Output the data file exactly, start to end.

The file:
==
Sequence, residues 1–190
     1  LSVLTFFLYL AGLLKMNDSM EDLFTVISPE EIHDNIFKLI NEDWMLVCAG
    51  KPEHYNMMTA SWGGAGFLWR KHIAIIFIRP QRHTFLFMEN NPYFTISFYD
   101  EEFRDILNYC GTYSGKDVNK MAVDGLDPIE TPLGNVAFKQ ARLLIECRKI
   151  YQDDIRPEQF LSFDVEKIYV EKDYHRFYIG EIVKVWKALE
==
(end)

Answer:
Sequence, residues 1–190
     1  LSVLTFFLYL AGLLKMNDSM EDLFTVISPE EIHDNIFKLI NEDWMLVCAG
    51  KPEHYNMMTA SWGGAGFLWR KHIAIIFIRP QRHTFLFMEN NPYFTISFYD
   101  EEFRDILNYC GTYSGKDVNK MAVDGLDPIE TPLGNVAFKQ ARLLIECRKI
   151  YQDDIRPEQF LSFDVEKIYV EKDYHRFYIG EIVKVWKALE